Mx Blouse drops their new album

Mx Blouse drops their new album

And we drop in to chat about their sonic shift, wardrobe choices and future musings.

Watching Mx Blouse’s Sandiso Ngubane perform is like nothing you’ve ever experienced before; it’s like a slap in the face… in the best possible way. They command the room and hold the audience’s attention with a mix of boundary-blurring haute couture, sassy moves and beats that your body can’t help but groove to. From boom bap and deep house to kwaito, their neo sound and non-binary identity shatters stereotypes and their brand-new album, Elementality, bores into the vulnerability of doing just that.

Mx Blouse has been teasing us with the release of singles off their debut full-length album since May, but Elementality finally dropped on 24 July. We caught up with the fashion blogger and former consumer trends analyst turned rule-breaking musician behind Mx Blouse.

Mx Blouse drops their new album

Your songs are as genre defiant as you are gender defiant, where does your musical influence come from?

I listen to a wide range of genres and I always have. From dance music to hip-hop, house, R&B, jazz and kwaito, nothing is off limits for me, and I try to combine those sounds to create something unique. While people have generally described my sound as neo-kwaito, I personally don’t like defining it. It’s dance music with a strong kwaito influence, but I don’t think it can be limited to one specific genre.

If Elementality was a woman, how would you describe her?

She’s got lots of charm. She’s in love, but she’s afraid of getting hurt again, so instead of committing to something, she prefers flirting and having lots of fun.

How does the new album differentiate itself from your other tracks sonically?

This is a dance music album. Previously I’ve tried to prioritise the kwaito elements, but this time I just wanted to make music one can dance to; because I love house music so much, it leans towards that.

So, what’s shaking up Mx Blouse’s wardrobe at the moment?

Not much, really. I recently had an obsession with jumpsuits and big jackets, but Covid-19 means I haven’t been able to wear any of that, which kinda sucks.

How would you describe your personal style?

It’s hard to pin down. The closest possible description is probably ‘androgynous’; though on some days I feel more feminine than others and sometimes more masculine. I could be a pantsula sometimes, or you could find me pairing a dress with skinny jeans or tights. So, I guess ‘minimal and eclectic’ then?

If we read between the lines of your latest songs, what would we find?

Vulnerability.

Career moments you can’t help bragging about.

I’ve come to accept that I’m not somebody who is loud about achievements. But I’d say I’m grateful to be a queer person working in this industry. Queer artists are very often ignored, yet I’ve played at some of the biggest festivals in the country, toured in Europe and featured on magazine covers. Not a lot of people who present the way that I do are afforded those opportunities. It’s an absolute privilege.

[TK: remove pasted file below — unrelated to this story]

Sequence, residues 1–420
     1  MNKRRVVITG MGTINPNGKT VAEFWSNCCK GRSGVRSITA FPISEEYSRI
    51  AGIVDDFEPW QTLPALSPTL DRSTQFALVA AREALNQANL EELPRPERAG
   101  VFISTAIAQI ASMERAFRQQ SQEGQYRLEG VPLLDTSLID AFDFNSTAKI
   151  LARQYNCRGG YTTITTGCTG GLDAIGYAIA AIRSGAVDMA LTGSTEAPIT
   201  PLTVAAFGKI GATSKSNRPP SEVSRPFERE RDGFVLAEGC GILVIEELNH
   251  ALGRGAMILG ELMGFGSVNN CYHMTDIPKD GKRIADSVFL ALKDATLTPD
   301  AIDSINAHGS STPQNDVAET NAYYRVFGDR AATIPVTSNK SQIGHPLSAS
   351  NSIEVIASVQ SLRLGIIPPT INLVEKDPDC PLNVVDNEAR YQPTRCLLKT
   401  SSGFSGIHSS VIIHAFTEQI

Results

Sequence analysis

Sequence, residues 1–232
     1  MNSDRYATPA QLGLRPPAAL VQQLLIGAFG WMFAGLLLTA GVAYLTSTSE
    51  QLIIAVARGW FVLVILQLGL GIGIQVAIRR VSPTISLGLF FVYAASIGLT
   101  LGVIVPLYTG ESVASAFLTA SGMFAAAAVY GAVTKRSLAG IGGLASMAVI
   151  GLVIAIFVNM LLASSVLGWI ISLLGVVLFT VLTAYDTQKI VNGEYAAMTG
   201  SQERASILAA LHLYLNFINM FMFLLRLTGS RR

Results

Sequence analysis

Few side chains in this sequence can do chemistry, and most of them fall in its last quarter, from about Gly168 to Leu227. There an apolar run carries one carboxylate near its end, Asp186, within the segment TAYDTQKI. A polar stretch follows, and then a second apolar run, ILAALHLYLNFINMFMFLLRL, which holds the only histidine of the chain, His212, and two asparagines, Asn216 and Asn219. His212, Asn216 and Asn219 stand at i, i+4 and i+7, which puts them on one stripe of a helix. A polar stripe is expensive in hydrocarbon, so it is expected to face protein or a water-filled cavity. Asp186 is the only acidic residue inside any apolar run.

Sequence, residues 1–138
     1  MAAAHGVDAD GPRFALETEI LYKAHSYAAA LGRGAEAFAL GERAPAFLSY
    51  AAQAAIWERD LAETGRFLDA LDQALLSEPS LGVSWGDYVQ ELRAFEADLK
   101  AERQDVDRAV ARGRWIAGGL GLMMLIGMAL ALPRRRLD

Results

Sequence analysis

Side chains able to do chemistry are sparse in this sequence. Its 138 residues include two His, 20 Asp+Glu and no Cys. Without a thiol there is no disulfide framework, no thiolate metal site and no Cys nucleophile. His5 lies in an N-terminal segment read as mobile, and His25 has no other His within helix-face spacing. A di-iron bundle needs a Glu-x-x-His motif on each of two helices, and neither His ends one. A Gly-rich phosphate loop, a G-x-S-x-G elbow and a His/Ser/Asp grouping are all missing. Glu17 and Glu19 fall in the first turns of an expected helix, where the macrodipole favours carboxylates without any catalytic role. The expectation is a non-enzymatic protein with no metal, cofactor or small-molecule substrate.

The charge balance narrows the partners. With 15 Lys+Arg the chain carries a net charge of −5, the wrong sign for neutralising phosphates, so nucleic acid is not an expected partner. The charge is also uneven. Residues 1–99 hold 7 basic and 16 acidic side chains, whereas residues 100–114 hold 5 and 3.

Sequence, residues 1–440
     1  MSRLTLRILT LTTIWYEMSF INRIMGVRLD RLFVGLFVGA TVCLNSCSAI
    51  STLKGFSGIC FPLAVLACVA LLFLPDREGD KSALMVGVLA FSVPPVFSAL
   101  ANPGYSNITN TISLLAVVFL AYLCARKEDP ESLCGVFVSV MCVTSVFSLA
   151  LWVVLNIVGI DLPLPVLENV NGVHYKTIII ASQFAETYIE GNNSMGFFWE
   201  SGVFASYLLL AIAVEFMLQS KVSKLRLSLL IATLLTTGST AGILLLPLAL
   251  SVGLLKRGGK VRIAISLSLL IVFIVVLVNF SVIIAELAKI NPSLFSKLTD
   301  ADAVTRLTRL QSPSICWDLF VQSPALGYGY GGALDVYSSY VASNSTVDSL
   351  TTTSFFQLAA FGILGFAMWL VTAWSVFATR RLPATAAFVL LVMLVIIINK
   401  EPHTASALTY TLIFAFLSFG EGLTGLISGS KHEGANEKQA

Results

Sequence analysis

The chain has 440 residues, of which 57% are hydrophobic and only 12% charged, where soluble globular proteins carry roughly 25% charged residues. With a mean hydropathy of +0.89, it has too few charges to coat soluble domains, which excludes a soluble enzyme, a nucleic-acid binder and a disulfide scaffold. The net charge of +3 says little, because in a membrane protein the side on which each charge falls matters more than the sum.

What’s keeping you busy right now?

Once you’ve completed an album as an independent artist, there’s a lot of admin that’s required of you, so a lot of my time is consumed by that now. I’m honestly also consumed a lot by worry and sadness over this pandemic.

What do you hope the future holds for Mx Blouse? And for Sandiso?

For now, I just want my music to reach more ears. I started doing some theatre work late last year. I had no idea I’d find myself acting, never mind having the skill for it, but the feedback was so good and it was fun. I’m also currently finishing a creative writing course with the view of writing short stories and maybe a novel.

What did you wear to your last gig?

I wore an orange jumpsuit that I spotted in a shop window while I was on tour in Zurich, Switzerland. It was so expensive, so I tried ignoring it. But I passed the store every day on my way to rehearsal and eventually gave in. Lol!

Was there a big break in your career, or was it a slow reveal?

I think my big break is yet to come, but I prefer it that way. I’m not obsessed with the idea of being an overnight star. I’ve been learning a lot with every new level I reach in my journey. I’m still learning and investing in my career and I’m happy to be doing it on my own terms.

How has your personal journey with your identity impacted your work as an artist?

There’s so much pressure on openly queer artists to always talk about our identity. I think the work suffers because the attention is removed from it. This year alone I’ve declined so many interviews, because they were only interested in my gender identity. I understand that people want to gain a greater understanding of who we are, considering that we’ve been invisible in the mainstream for so long; but it’s also exhausting. I don’t always want to play the role of accidental activist. It’s a lot of pressure.

mxblouse on Facebook

Download the album here.

Words: Mila Crewe-Brown
Images: Zander Opperman and Brett von Dort